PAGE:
From: Doug White <email@example.com>
Subject: Re: [Shooting] How to improve my accuracy?
Organization: MIT Lincoln Laboratory
In article <firstname.lastname@example.org>, <email@example.com> writes:
# I've been shooting a few months now, and I think I'm reasonably
# familiar with my gun (SIG P226 :). I can hit the paper 90+% of
# the time, but where I hit kind of scatters all over the paper.
# My goal is to be able to hit where I think I'm aiming with overwhelming
# Where do I look for effective techniques to improve and maintain my
# ability? Books? Classes? Competition? Other?
# I would prefer something that I can learn on my own or be taught,
# and then be able to monitor myself after that. I guess that means
# I'm looking for two classes of techniques: how to shoot accurately,
# and how to monitor/evaluate my progress.
# I see competition as a last resort, but I don't rule it out.
I'm going to risk stating what you may already know, but YOU'VE GOT TO
FOCUS ON THE FRONT SIGHT! I teach marksmanship classes for the club at MIT,
and fully half of the people we get (WITH prior pistol experience) think
they should be focusing on the target. Even if you KNOW to focus on the
front sight, it's sometimes hard to tell. The best diagnostic is
'calling the shot'. If you are focused on the sights, you should have
a clear image after the shot breaks of where the sights were aligned
relative to the target. If you can't tell (without a scope) where your
shots are going, it's a good indication that you're watching the target.
You can't focus on both the target and the sights simultaneously, and the
target isn't moving. The target will be a black blurry blob, but that's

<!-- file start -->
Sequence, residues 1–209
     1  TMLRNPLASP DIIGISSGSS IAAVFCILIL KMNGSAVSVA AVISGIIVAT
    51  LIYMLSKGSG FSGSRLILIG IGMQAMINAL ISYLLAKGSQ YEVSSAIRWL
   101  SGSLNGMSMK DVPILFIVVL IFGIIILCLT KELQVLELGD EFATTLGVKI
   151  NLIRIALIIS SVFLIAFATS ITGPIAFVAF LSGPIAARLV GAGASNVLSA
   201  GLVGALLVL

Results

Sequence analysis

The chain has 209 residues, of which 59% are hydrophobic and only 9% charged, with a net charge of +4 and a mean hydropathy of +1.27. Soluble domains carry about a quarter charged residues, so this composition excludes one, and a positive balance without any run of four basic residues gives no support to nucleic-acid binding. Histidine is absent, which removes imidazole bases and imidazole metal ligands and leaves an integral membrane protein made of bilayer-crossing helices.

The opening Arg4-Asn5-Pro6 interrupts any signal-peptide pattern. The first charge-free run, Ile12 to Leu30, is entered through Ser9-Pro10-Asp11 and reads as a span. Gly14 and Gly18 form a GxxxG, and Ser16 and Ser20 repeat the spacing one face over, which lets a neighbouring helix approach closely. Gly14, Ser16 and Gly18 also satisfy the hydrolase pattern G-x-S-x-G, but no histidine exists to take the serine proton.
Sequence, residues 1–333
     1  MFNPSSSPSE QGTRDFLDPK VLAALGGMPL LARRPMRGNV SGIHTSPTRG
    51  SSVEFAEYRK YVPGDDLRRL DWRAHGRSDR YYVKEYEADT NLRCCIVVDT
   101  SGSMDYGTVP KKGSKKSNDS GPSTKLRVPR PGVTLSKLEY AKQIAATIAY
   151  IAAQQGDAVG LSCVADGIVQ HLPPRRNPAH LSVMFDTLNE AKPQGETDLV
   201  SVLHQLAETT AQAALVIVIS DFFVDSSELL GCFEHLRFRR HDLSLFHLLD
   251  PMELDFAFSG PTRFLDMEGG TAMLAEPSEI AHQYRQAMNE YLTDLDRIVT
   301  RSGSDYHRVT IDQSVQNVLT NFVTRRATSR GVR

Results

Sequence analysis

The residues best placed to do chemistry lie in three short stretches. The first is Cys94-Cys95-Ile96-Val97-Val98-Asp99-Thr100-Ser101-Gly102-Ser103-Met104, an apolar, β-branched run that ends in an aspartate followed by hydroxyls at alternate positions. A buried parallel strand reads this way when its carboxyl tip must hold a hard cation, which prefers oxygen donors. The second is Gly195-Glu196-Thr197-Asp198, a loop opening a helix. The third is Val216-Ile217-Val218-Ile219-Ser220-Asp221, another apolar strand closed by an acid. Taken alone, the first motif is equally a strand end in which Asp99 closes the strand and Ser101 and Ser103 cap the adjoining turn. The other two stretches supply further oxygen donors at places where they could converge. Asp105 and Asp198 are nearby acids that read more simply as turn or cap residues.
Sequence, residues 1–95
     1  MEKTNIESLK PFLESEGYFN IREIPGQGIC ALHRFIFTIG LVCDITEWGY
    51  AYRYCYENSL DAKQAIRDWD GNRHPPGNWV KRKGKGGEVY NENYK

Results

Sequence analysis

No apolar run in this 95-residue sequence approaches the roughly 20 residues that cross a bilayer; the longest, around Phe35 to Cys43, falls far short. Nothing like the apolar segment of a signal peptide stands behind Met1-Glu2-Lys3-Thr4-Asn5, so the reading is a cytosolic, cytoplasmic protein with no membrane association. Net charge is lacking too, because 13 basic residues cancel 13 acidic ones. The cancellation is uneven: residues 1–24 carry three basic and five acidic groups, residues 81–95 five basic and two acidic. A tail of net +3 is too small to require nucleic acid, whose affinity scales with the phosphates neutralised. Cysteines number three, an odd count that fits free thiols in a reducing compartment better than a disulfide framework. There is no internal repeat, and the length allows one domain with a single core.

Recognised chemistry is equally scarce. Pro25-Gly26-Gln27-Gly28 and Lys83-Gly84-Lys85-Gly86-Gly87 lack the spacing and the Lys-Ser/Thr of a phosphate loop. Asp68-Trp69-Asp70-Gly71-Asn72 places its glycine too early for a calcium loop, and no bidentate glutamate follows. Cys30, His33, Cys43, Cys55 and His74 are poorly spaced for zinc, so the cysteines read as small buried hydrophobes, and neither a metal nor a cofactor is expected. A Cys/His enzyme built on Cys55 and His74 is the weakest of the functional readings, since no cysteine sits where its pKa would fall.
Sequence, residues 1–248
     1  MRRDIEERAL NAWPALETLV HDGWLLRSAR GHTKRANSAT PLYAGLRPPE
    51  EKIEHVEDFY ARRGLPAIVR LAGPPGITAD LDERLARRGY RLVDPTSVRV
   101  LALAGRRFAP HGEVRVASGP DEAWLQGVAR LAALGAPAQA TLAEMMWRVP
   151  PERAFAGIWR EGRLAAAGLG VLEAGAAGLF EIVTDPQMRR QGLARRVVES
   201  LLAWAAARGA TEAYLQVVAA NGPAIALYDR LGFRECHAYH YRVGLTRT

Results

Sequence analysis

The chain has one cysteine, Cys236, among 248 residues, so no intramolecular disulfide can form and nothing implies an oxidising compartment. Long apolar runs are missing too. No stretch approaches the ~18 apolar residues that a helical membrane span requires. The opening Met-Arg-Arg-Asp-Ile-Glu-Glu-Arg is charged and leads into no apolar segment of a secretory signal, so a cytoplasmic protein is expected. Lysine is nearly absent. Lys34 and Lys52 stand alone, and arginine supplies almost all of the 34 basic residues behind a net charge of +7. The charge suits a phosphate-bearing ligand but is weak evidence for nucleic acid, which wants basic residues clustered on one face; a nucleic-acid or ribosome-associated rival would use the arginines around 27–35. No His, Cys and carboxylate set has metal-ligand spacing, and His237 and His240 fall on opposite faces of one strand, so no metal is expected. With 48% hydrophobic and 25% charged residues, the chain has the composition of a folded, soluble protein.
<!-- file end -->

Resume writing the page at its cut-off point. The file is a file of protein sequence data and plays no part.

OK, you can still judge where the center is amazingly well without having
it in focus. The most critical part is the angular alignment of the front
and rear sight, and you can't control that well if you aren't focused on the
The next most crucial task is firing the pistol without disturbing the
sight alignment. Depending on the trigger pull of your pistol, this can
be tough. No matter what happens, you've got to pull STRAIGHT back. The
best way to work on this is LOTS of dry-firing. Another good exercise is
'ball and dummy'. Load up some dummy cartridges, and mix them in with
good rounds. Load your magazines without looking at the cartridges.
When you get one of the dummies, if the pistol hangs out there and goes
click, you're in business. More likely, it will dive or flip in some
direction. YOU are doing that, and you have to dry-fire until every time
you pull the trigger, nothing moves.
Most of the rest of the game relies on practicing until you develop good
consistency. Every time you pick up the pistol, your grip and stance
have to be the same. You need to develop a stance that aligns the pistol
on the target without any extra effort. At the firing line, get into your
stance, close your eyes, and raise and lower the pistol a few times. With
the pistol raised, open your eyes and see where it is pointed. If it
isn't lined up on the target, move your FEET to line things up. This
produces a 'natural point of aim' where you are not using your muscles to
apply any sideways force on the pistol. This is particularly important in
sustained fire, so that the pistol will naturally spring back lined up on
the target. You need a firm grip (my coach always said 'the tighter the
grip the tighter the group'), concentrating on applying pressure on the
front and back strap, not on the sides.
For books, I would start by tracking down the NRA Basic Pistol Marksmanship
text. It has a set of diagrams that can help you diagnose common problems
from where your shots group (7:00 = jerking trigger etc.). It does a good
job of covering all of the basics for any kind of pistol shooting. Once
you've got that under your belt,